Wednesday, 3 September 2014

Successful puppets and mascots used in marketing

Are you looking for a marketing technique that will make you stand out from the crowd with the added benefit of publicity while communicating a clear brand image for your business or company?

Mascots and puppets have been used in advertising for many years and have come to form the backbone of nearly all successful image-conscious and well-marketed companies worldwide. Whether it is because such icons conjure up nostalgic feelings about childhood or are provocative of emotions from an identifiable character is not known, but they can become an important element of a business marketing campaign.

At Promotional Props and Costumes, we are able to assist you in coming up with an innovative idea to promote your brand, design it and then bring it to life with our team of professionals who have a wealth of skill and knowledge gained from many years of experience working with puppets and mascots to create the perfect representations for everything from a successful business and marketing campaign right through to performances and plays.

Here we take a look back at some nostalgic and controversial mascots and puppets used over the past five decades that have produced the desired effect for businesses and brands worldwide:

Tony the Tiger

Tony the Tiger has been appearing on the cereal box of Kellogg’s Frosted Flakes or Frosties as its cartoon mascot for more than 60 years and has rarely changed over the years. His slogan “They’re Grrrrreat!” has sold the flakes successfully worldwide initially marketed at young kids, but now, since a UK government crackdown on advertising to children, he is being used to market toward dads in television adverts that show a father and son playing – apparently appealing to the increase in fathers who are taking on the role of the house husband and doing supermarket shopping.

EDF Zingy Flame

Cute puppet Zingy was launched in April 2012 in a television marketing campaign by energy company EDF Energy and sparked a flood of requests on social mediums about how people could get their hands on the little puppet. Many people attempted to make their own and EDF even set off a flurry of excitement giving consumers a glimmer of hope that Zingy would be put into production – if nobody knew who EDF were before 2012, they definitely do now.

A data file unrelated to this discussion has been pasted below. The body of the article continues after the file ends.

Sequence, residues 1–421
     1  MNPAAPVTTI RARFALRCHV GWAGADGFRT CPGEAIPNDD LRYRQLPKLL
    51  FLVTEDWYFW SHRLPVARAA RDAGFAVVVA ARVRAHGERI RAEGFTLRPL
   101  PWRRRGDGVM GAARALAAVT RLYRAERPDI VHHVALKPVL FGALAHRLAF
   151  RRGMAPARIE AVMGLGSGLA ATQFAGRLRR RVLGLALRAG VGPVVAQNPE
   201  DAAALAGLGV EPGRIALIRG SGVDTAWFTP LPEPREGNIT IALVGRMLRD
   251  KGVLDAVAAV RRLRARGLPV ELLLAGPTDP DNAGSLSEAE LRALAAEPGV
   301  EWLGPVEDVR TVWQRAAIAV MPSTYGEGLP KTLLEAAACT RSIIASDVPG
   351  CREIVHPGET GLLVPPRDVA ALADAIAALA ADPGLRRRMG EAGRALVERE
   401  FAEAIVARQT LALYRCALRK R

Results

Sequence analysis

Ronald McDonald

The primary mascot for McDonalds is a fairly simple and successful idea, using a clown character to appeal to kids and families. Being the primary mascot for the fast food chain McDonalds, the mascot provoked an interesting back-story, inhabiting a fantasy world of McDonaldland with his friends Mayor McCheese, The Hamburglar and Grimace. After disappearing for a bit, it has been announced that he may reappear in television commercials soon.

Duracell bunny

A bunny rabbit puppet that takes on an anthropomorphic form to symbolise the infinitive characteristics of Duracell batteries, as compared with other rival battery manufacturers. First appearing in 1973 in a television commercial showing the Duracell bunny alongside other pink bunny rabbits who were all playing the drums but running out of power as their batteries died – all except the Duracell bunny. The Duracell bunny was both endearing and applicable to kids and adults alike, particularly useful in Christmas advertisements.

Energizer bunny

This bunny puppet was created in the late 80s by Duracell rival Energizer as one-upmanship to their battery rival, to the ‘other’ battery manufacturer. This bunny stepped things up a gear in the rabbit/battery market because it resulted in the two brands becoming indistinguishable. An excellent marketing ploy for Energizer, who were lagging behind in sales, although we’re not too sure if it worked in Duracell’s favour.

Wonga puppets

The elderly puppets, Betty, Earl and Joyce have only been appearing on television screens in the past few years in advertisements which depict them dancing to house music while explaining the attractions of Wonga. The trio have attracted a lot of media and public attention, namely for their controversial use of a marketing tactic which would usually be aimed at children to attract adults to borrow money. It seems though, that any publicity is good publicity with Wonga believed to have made hundreds of thousands from the marketing tactic. However, the three will be disappearing from our screens very soon.

To find out how we can help your business create a comprehensive marketing strategy and generate publicity, take a look at our mascot gallery or contact us today. 

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